The S.C. Republican Party withdrew last week from a federal lawsuit aimed at closing the state’s political primaries so that only party-faithful can vote – but not because the GOP thinks the state should keep its political primaries open to all comers.
The reason, in part, is money.
“The S.C. GOP simply moved to withdraw itself as a party to the lawsuit and let the Greenville GOP take the lead in litigation,” Alex Stroman, the party’s executive director, said in an email to The Buzz. Doubling the lawyers and legal fees didn’t “make fiscal sense,” he said.
The exit, orchestrated on Chad Connelly’s watch before he resigned as party chairman last weekend for a gig with the Republican National Committee, leaves the Greenville County GOP alone in fighting the party’s dilution by “Democrats, communists, independents” and others who now can vote in GOP primaries, said Stephen Brown, a Greenville GOP activist and attorney on the case.
Brown said the state GOP’s exit may be Connelly’s last dig at him and Samuel Harms, another attorney on the case, for running against Connelly for the party’s chairmanship. Connelly’s resignation came about a month after he won election to another two-year term, beating Brown and Harms.
“Absurd,” Connelly responded. The lawsuit has poor chances of winning against an “Obama judge,” Connelly said, and only would have added to the party’s legal debt of more than $300,000, money owed from lawsuits that followed the ouster of more than 200 mostly GOP candidates from the ballot last year.
“I beat Stephen twice and Sam once so bad,” Connelly said. “There’s a saying in politics: ‘There’s winners, there’s losers, and sometimes there’s sore losers.’”
The case goes to trial in August.
Attention: The CAFR is out!
It’s about six months late, but you likely didn’t notice – because you don’t know what it is.
Asked if anyone in state government had inquired about the state’s delayed publication of its Comprehensive Annual Financial Report – published Thursday online – the state’s chief accountant, Comptroller General Richard Eckstrom, responded, “Not a one.”
The document details what the state actually spent, actually made, owned and owed in the budget year starting July 2011 and ending June 30, 2012. When the report didn’t appear on time, one outside group that uses it did call, Eckstrom recalled.
Truth in Accounting, an Illinois-based government spending watchdog group, was waiting on the mammoth document so it could figure out whether South Carolina’s fiscal house is in order and how the state compares to others.
“It’s important for citizens to know not only where we plan to spend the money, but where it was spent,” said Jeff Wysong, a Truth in Accounting research analyst. “It’s kind of sad that so many people don’t pay attention to it.”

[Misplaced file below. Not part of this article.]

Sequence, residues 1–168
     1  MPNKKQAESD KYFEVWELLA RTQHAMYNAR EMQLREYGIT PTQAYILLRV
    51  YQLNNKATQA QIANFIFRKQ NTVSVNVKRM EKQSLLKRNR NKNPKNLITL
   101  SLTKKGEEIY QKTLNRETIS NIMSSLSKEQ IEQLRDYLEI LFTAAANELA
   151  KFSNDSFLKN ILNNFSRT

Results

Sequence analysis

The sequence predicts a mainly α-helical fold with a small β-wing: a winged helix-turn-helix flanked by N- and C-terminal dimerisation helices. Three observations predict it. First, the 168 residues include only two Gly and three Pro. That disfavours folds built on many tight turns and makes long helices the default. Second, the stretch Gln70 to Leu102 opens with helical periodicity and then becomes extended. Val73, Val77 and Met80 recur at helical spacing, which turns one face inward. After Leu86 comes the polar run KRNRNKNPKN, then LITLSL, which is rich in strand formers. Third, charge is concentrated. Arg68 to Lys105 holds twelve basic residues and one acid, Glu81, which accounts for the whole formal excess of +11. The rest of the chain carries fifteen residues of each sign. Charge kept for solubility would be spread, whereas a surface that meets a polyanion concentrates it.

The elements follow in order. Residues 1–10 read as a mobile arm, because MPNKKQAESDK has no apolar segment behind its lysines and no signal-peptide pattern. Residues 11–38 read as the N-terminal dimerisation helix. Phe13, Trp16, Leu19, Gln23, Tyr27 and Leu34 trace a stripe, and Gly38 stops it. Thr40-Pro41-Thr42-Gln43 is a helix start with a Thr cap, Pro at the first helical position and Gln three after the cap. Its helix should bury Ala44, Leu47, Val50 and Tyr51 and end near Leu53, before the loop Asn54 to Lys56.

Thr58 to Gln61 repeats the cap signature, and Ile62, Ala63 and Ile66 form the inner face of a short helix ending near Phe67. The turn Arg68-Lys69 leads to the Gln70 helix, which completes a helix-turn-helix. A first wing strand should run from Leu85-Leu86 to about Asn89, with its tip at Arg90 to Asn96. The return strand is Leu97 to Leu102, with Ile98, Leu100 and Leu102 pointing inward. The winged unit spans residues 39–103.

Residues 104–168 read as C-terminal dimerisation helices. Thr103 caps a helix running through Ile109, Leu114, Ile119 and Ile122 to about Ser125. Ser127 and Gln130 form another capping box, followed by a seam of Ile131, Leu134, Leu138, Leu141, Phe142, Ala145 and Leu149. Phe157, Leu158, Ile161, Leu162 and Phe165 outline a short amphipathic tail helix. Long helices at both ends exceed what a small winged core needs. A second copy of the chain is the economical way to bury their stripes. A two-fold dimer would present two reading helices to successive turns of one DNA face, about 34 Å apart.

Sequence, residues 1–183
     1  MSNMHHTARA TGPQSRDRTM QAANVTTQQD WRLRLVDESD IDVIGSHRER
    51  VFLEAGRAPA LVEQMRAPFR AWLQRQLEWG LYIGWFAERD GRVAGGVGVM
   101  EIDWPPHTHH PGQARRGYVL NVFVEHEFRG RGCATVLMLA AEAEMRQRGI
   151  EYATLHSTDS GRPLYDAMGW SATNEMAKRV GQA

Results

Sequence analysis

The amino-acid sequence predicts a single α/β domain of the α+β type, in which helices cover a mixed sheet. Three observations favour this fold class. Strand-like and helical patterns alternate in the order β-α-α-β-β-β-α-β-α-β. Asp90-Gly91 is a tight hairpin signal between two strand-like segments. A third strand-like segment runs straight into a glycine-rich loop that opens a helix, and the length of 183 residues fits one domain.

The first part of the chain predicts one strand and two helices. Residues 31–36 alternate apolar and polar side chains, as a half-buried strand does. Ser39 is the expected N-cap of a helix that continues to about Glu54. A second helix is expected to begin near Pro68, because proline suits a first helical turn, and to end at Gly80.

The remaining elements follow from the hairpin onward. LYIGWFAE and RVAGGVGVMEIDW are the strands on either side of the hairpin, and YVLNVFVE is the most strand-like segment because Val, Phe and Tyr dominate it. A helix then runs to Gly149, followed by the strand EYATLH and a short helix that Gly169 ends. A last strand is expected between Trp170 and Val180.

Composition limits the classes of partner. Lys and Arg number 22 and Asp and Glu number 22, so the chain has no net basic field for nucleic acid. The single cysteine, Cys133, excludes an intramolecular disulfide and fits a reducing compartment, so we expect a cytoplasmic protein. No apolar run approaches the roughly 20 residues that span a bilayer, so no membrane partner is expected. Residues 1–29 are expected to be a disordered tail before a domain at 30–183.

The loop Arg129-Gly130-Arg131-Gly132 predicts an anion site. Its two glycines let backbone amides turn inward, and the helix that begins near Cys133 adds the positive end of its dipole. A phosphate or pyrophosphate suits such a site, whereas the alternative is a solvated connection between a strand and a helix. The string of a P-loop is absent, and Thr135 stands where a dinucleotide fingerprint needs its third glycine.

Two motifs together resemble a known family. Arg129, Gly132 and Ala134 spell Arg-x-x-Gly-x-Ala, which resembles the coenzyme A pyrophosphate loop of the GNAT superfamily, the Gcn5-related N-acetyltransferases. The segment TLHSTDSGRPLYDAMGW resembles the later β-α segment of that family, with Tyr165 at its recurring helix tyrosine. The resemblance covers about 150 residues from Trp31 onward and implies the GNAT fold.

The Buzz thinks so, too, especially as lawmakers work to adopt spending plans for the state’s next fiscal year, which starts July 1.
A couple of legislators – state Rep. Kenny Bingham, R-Lexington, and House Speaker Bobby Harrell, R-Charleston – said a few weeks ago it was concerning the report had not been published. But it clearly wasn’t a burning issue for many. That’s likely because the state’s “decision makers have all the information they need,” Eckstrom said.
The report, a summary of the state’s financial accounting, was late because accountants had to work out kinks in automated reports coming from a new accounting system, Eckstrom said. Staffing cuts and turnover also contributed to the delay, he added.
“Do we expect the same delays this year? Not on your life, we don’t.”
‘A dream in time gone by’
The voice of the state Department of Education, Jay W. Ragley, may have had a different Plan A in mind. But his feet got in the way.
Ragley revealed that plan Sunday during the 2013 Tony Awards when he tweeted: “True story: if I could dance, I’d want to be on Broadway.”
A member of his high school show choir in Ohio, Ragley was unapologetically proud of his love for show tunes and The Theater when The Buzz called.
But he’s no “Gleek,” Ragley said. (That’s the name given to the geeks who watch Glee, which is, for all you cool people, the Fox show depicting an Ohio high school show choir.)
If it isn’t “live-action singing, it’s just kind of fake,” he said.
The show choir allowed him to “go into another world and live in that world for three hours and not have to worry about an outcome,” Ragley said. “It is who I am.”
Buzz bites• A new Senate president pro tempore named Courson was declared at the State House Friday as Senate President Pro Tempore John Courson, R-Richland, stood at the well with his son, Harris Courson, a rising senior at Dreher High School, who the Palmetto Boys State just had elected to the leadership role. “I’m glad Harris and so many others are choosing to be civically engaged at such a young age,” the elder Courson said. “They’re all to be congratulated, but I’m particularly partial to their new president pro tempore!”
• The shiny green apples on lawmakers’ lapels that will be on display in this week’s special session are the mark of the growing Green School Caucus, which is planning community projects to raise awareness about how to save energy in schools, said state Sen. Ray Cleary, R-Georgetown, chairman of the caucus. About half the Senate has joined the caucus, with the House coming along more slowly. That makes sense, Cleary said: “Senators are ... much more progressive.”
• State Sen. Harvey Peeler, R-Cherokee, never gets tired of accusing the 843 area code of taking all the state’s road money. On Wednesday, the debate emerged again in a twitter debate with state Rep. Leon Stavrinakis, D-Charleston, who tweeted, “I would be happy to devise a DOT funding formula based on fairness. I doubt you would like it though.” Peeler replied, “Probably not. Because your definition of ‘Fair’ is my definition of ‘Carnival.’” Added Peeler later, “864 & 803 makes it and 843 spends it.”